I remembered what happened to me and realized that my writing was indeed therapy for me and it was my body’s way of telling me and of attempting to get rid of the pain I’ve been carrying for so many years. In short, I remembered that there is a reason I can’t recall most of my childhood. I was sexually abused by my father and my grandfather. Those were separate instances, and I barely recalled my grandfather who was not my blood grandfather, but a second husband to my grandmother. The story about my father, however, kicked me off my feet. For the next 2 months I wanted to kill myself and then decided to go public about this, to help other women, especially after uncovering unsightly statistics about every 3 woman in US being sexually abused by the age of 18, 85% of abusers being relatives. After I have opened up publicly about my history, my family denounced me (they are all back in Russia). My father is actually a published writer, who in some way instilled love to stories in me, when he was in between his violent fits.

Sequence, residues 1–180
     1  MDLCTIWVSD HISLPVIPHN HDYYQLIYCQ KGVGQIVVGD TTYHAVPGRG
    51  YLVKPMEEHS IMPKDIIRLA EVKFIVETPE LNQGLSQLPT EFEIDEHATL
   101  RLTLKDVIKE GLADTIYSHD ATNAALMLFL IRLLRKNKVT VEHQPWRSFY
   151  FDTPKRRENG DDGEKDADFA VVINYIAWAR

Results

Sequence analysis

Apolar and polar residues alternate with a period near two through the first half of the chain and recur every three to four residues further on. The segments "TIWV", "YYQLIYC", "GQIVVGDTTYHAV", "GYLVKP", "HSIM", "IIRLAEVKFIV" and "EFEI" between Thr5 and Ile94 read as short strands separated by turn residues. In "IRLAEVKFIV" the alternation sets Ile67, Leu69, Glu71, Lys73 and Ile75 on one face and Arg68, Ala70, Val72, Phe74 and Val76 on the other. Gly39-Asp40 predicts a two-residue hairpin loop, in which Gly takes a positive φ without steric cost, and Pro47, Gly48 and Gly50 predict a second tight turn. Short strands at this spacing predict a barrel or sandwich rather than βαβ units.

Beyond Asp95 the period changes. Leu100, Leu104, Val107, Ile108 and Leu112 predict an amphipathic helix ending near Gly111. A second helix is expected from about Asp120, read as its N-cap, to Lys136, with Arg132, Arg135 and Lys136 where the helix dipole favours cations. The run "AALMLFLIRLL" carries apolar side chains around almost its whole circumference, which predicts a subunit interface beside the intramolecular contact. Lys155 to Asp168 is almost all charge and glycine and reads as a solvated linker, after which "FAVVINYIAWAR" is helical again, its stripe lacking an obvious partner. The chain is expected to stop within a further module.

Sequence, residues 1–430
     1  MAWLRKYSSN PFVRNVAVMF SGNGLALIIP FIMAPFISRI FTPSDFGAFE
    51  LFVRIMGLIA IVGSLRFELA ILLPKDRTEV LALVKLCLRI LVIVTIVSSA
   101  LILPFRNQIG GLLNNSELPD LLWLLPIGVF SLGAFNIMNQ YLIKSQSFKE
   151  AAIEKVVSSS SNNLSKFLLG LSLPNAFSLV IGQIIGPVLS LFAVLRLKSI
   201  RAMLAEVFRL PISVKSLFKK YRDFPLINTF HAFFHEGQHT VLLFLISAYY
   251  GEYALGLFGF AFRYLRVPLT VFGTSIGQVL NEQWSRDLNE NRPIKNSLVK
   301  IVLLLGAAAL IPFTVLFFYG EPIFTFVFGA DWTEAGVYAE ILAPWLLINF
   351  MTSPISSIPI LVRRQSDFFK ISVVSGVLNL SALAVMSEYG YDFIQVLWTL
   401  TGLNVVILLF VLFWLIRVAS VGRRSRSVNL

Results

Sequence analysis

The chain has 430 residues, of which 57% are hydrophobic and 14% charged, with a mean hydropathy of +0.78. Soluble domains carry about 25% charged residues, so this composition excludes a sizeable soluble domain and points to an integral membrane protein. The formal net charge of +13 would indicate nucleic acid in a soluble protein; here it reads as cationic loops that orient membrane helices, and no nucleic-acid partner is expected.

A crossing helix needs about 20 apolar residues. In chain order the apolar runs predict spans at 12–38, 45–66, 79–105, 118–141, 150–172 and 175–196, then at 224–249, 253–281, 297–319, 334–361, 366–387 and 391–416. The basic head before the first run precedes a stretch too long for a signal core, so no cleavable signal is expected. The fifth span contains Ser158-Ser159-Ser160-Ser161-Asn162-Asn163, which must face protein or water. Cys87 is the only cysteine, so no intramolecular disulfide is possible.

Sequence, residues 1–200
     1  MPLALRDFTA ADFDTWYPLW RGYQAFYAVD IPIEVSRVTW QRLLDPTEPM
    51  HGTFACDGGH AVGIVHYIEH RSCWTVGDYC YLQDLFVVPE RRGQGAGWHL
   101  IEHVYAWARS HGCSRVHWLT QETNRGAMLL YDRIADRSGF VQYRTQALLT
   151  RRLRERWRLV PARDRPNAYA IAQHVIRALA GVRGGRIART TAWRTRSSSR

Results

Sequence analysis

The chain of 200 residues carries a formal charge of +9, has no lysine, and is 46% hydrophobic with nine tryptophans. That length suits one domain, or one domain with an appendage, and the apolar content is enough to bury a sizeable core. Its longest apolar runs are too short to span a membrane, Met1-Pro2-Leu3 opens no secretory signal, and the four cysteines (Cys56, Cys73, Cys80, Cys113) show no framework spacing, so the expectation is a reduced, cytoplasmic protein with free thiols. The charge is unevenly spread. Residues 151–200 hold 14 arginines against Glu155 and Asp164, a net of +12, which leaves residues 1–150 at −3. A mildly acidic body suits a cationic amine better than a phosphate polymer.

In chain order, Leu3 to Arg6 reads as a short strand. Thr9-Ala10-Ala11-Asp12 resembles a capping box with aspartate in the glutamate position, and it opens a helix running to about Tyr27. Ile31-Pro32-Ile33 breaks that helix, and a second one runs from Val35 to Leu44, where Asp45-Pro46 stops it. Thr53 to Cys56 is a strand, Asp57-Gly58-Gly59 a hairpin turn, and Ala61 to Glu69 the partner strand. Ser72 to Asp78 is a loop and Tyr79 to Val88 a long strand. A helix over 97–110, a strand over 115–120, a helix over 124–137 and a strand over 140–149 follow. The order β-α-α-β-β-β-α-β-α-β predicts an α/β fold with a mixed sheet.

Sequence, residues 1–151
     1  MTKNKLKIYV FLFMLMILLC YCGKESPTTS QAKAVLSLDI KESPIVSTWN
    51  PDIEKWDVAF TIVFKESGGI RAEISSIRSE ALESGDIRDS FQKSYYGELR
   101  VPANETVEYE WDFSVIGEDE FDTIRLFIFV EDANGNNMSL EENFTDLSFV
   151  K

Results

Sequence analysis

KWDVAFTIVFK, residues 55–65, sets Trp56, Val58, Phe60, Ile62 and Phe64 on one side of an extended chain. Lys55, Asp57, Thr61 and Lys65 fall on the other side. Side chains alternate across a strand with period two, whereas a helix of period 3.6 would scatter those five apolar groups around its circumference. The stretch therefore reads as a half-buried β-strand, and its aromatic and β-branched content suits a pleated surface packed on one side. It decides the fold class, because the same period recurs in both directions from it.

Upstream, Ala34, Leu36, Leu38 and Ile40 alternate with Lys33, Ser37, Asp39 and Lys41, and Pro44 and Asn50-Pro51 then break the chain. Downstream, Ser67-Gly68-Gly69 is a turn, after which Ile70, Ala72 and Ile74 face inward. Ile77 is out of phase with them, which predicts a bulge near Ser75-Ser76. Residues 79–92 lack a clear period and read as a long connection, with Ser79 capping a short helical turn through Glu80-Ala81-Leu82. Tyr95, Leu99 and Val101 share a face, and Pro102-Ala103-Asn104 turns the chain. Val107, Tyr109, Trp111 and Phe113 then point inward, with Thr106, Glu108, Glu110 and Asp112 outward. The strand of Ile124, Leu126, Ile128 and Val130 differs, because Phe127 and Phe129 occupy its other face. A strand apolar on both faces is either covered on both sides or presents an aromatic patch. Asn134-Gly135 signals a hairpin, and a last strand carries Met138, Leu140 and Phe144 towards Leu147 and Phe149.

Back on the topic, how did I detach myself?
Well, it took me 2 years of therapy to recover. In this process, I have gone through a divorce and a life change. I decided to be happy, no matter what and to do what I wanted to do, no matter what. And in 2012 I came back to my story, at the urging of my boyfriend who is my fan number one, and at the urging of close friends who followed my progress over the years.
I was scared.
Writing Siren Suicides meant diving back into my pain, which gets me back to your question about detachment. I didn’t detach, not at first. I dove back into my pain, but instead of mixing in facts from my own life, I described how I felt and tried to let the story take its own shape, tried to develop characters in their own merit.
And I did it.